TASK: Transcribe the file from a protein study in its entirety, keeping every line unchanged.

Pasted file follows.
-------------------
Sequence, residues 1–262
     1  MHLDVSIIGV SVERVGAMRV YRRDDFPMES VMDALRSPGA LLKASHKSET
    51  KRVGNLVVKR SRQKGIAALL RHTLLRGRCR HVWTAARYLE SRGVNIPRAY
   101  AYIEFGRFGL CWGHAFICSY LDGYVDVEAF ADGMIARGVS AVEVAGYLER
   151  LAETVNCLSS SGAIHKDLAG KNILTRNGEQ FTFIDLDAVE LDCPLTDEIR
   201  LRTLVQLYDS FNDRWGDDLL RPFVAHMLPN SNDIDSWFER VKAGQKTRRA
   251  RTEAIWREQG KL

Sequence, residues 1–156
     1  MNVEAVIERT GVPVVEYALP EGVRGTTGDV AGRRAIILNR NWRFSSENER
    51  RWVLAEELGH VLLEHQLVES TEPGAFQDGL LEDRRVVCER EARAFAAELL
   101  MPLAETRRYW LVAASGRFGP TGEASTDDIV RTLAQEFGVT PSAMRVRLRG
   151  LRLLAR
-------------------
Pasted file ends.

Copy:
Sequence, residues 1–262
     1  MHLDVSIIGV SVERVGAMRV YRRDDFPMES VMDALRSPGA LLKASHKSET
    51  KRVGNLVVKR SRQKGIAALL RHTLLRGRCR HVWTAARYLE SRGVNIPRAY
   101  AYIEFGRFGL CWGHAFICSY LDGYVDVEAF ADGMIARGVS AVEVAGYLER
   151  LAETVNCLSS SGAIHKDLAG KNILTRNGEQ FTFIDLDAVE LDCPLTDEIR
   201  LRTLVQLYDS FNDRWGDDLL RPFVAHMLPN SNDIDSWFER VKAGQKTRRA
   251  RTEAIWREQG KL

Sequence, residues 1–156
     1  MNVEAVIERT GVPVVEYALP EGVRGTTGDV AGRRAIILNR NWRFSSENER
    51  RWVLAEELGH VLLEHQLVES TEPGAFQDGL LEDRRVVCER EARAFAAELL
   101  MPLAETRRYW LVAASGRFGP TGEASTDDIV RTLAQEFGVT PSAMRVRLRG
   151  LRLLAR